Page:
Baby Ndombe (being son of Pepe Ndombe ) would probably have contacts/relatives who would ensure he is well off and does not have to depend on donations and begging.

The Picture that Archos paints though is very dim for anyone who comes from a poor background to make it in music. It looks like talent alone is not enough. The Struggle is real for a musician in Kinshasa and to go back to the original question then I am beginning to agree that maybe it is better to advise that one should think twice.

Having said that, if one does not join a Big Band the chance of being noticed and getting the necessary exposure is almost nil....


12

You have to also consider the fact that most of the musicans that have come along came from poor background; their hard work and sacrifice improved their economic standing and that of their loved ones. Had music not been an option, many would be languishing in proverty.

You point to the single biggest reason right there. A lot of African musicians ( and Also to a large extent, Black American Musicians ) use music to raise themselves from poverty, and they become big stars making big bucks. Unfortunately, for most of them, the story ends there.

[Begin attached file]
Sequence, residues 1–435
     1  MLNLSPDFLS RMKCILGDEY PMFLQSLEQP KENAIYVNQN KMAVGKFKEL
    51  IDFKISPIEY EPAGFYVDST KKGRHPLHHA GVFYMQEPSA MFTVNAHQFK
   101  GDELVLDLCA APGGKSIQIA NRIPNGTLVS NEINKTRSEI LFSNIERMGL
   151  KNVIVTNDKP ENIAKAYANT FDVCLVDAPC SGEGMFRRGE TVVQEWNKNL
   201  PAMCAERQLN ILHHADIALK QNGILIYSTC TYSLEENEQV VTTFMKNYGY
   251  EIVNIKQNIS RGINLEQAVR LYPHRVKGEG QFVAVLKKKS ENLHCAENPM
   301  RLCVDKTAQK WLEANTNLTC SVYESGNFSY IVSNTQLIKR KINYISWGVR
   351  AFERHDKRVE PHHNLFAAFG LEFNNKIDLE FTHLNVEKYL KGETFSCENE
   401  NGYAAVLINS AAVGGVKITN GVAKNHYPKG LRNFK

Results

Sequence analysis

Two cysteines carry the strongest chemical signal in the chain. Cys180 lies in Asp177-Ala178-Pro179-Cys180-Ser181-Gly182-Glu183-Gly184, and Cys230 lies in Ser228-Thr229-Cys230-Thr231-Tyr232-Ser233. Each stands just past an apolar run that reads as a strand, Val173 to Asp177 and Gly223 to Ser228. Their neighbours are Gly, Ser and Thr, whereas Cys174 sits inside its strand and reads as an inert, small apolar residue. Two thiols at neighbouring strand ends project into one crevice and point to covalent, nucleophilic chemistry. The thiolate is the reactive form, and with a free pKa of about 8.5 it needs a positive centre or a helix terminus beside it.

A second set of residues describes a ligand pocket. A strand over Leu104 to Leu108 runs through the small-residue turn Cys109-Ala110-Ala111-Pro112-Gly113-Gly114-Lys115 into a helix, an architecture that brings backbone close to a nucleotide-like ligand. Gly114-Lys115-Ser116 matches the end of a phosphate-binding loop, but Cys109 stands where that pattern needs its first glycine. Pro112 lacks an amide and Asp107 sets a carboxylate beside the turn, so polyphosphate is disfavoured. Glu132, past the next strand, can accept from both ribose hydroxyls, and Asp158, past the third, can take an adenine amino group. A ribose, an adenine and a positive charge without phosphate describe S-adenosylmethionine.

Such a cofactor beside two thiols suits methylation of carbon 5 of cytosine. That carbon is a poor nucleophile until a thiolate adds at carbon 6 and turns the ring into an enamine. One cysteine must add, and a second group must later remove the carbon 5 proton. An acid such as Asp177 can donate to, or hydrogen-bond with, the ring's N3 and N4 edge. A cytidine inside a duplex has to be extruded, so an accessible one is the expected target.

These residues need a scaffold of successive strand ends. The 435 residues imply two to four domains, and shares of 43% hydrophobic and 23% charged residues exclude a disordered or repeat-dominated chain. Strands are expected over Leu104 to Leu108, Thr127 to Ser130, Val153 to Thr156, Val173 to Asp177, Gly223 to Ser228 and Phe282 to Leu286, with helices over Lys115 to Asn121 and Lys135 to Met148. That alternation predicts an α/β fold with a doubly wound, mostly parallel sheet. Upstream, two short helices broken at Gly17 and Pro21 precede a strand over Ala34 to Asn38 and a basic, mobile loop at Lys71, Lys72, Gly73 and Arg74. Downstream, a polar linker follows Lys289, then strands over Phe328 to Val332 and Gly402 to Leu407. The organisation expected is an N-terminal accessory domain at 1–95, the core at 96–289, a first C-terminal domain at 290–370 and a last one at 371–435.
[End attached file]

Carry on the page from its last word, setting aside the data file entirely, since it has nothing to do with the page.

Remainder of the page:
A very select few of them actually take music as a business. They focus on the glamour music offers, and leave the business end to managers or trusted  band members to handle, with disastrous results.  Tales abound of mega stars who made it big and squandered their fortune.

If my family member was to go into music, I would first ensure they understand that music is a business, it has to pay for their way of life, and like in any other business, it has a sell-by date. That means that there must be a plan B for how the family member is to continue life after his spot in the sun is gone. Talking investments, alternative skills to ensure they can do something else when music does not pay them, e.t.c.

The other issue I would caution them is to ensure they maintain a suitable lifestyle, taking care to handle themselves properly and taking care of their body. Musicians are constantly tempted by the trappings of life on the fast lane, be it women throwing themselves at them, drugs, peer pressure to conform, jealousy and polemics the list goes on.

I personally do not believe in the spiritual attacks stuff, mostly I put to Psychology and the insecurities of the musicians as well as the back stabbings that the members carry on each other to impress the boss. In Africa, nobody of note dies of natural causes; Either one is bewitched, sacrificed or some such explanation. There has to be someone to blame, it goes deep into our cultural belief system where death was this mysterious thing that befell someone wither at the behest of enemies or some supernatural powers we could not explain.


13


Yep, the man's still got the moves.